Vovô: The Man, His Vision, His Legacy

  • Niyi Afolabi
Part of the African Histories and Modernities book series (AHAM)


This chapter focuses on the life of the president of Ilê Aiyê as a biocritical study that simultaneously interfaces with the history of the organization. A man full of presence and conscience, a visionary to the core, and an unmistakably charismatic leader, Antônio Carlos dos Santos, otherwise known as Vovô, needs no introduction among contemporary Afro-Brazilian cultural and political movements.


Racial Discrimination Charismatic Leader Black Mother Black Culture Music Festival 
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  1. 1.
    Excerpt of poem “Quebranto” (evil eye) by Cuti. For the full cited translation see Niyi Afolabi et al., eds., Cadernos Negros/Black Notebooks: Contemporary Afro-Brazilian Literary Movement (Trenton, NJ: Africa World Press, 2008), 59.Google Scholar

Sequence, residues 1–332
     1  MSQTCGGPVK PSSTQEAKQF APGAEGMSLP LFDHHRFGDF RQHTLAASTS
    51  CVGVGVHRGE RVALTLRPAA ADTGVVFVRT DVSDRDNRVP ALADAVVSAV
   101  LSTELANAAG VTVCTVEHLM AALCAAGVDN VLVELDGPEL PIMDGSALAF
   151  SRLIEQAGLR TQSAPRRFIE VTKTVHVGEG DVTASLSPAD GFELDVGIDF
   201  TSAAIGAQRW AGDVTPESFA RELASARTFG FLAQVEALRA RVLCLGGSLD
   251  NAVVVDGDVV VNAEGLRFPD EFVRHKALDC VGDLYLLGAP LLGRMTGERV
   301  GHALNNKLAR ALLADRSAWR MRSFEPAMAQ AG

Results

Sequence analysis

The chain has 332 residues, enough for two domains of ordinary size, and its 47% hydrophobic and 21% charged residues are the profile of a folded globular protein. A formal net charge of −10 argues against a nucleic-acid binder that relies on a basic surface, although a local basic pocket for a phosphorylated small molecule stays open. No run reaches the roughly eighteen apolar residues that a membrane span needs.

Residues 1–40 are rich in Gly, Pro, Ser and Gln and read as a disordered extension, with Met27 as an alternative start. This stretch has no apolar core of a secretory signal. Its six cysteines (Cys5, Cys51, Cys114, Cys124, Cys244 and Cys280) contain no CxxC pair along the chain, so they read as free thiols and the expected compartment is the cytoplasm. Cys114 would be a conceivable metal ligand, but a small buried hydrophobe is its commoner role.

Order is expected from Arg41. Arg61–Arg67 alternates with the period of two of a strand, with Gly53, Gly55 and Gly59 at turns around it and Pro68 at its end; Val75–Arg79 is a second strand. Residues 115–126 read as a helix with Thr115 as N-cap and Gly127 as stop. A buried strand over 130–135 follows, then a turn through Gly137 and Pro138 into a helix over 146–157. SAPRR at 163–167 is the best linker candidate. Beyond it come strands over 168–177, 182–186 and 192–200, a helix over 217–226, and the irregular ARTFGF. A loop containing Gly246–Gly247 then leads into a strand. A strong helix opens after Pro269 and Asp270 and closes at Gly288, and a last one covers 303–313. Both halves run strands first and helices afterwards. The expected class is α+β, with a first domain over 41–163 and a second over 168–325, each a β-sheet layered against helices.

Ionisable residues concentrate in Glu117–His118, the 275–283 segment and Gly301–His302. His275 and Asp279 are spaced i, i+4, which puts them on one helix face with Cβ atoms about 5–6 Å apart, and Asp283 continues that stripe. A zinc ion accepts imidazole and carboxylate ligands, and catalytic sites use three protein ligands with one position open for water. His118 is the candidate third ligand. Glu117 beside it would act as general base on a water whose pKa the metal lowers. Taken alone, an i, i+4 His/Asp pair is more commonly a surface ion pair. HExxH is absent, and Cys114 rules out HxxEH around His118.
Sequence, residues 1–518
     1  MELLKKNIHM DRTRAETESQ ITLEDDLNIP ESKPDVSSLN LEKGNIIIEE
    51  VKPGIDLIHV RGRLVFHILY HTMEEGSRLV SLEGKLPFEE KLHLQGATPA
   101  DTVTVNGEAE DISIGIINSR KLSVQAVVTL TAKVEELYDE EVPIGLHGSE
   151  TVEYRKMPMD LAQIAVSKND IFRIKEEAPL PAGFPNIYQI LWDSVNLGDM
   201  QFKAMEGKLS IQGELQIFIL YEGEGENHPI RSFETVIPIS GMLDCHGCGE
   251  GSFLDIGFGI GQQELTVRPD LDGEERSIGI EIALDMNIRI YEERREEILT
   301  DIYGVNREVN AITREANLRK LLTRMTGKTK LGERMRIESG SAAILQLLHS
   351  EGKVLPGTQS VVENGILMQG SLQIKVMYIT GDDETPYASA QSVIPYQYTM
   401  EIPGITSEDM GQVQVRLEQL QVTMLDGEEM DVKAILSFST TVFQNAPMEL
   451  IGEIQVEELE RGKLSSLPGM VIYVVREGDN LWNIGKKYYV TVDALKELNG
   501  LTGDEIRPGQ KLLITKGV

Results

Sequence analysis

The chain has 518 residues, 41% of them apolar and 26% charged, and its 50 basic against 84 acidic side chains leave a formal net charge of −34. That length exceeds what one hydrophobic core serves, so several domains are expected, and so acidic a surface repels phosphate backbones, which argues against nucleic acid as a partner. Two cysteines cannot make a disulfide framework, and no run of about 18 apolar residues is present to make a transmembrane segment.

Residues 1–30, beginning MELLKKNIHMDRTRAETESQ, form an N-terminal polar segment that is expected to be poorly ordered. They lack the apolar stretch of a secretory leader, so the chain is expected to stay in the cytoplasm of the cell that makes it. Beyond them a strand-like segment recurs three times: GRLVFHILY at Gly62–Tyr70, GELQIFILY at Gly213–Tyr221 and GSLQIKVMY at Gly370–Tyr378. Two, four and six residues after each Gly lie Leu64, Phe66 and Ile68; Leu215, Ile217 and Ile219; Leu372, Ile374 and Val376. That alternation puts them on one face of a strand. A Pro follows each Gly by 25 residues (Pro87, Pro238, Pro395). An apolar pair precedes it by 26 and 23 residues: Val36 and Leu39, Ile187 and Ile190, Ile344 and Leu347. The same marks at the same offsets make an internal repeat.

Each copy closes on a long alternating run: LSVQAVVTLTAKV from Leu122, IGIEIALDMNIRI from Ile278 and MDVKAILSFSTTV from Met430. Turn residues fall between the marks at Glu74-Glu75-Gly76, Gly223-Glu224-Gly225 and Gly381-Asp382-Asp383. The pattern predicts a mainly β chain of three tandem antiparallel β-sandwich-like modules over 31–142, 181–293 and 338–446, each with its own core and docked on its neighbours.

2. 2.
    See Barbara Caine, Biography and History (New York: Palgrave, 2010).Google Scholar
  3. 13.
    Adam Blatner, “The Implications of Postmodernism for Psychotherapy,” Individual Psychology 53, no. 4 (1997): 2.Google Scholar
  4. 14.
    Ibid. See also David Feinstein and Stanley Krippner, Personal Mythology: The Psychology of Your Evolving Self (Detroit, MI: Tarcher, 1988).Google Scholar
  5. 15.
    Henry Drewal, “Art History, Agency, and Identity: Yoruba Transcultural Currents in the Making of Black Brazil,” in Black Brazil: Culture, Identity, and Social Mobilization ed. Larry Crook and Randal Johnson (Los Angeles: UCLA Latin American Center Publications, 1999), 143–174.Google Scholar
  6. 16.
    Ilê Aiyê, O Negro e o Poder: Cadernos de Educação (Salvador: Ilê Aiyê, 2006), 32.Google Scholar
  7. 19.
    For a fuller description of this ambivalent and ambiguous relationship, see Walter Altino de Sousa Jr., O Ilê Aiyê e a Rela çã o com o Estado: Interfaces e Ambigüidades entre Poder e Cultura na Bahia (Salvador: Fast Design, 2007).Google Scholar

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© Niyi Afolabi 2016

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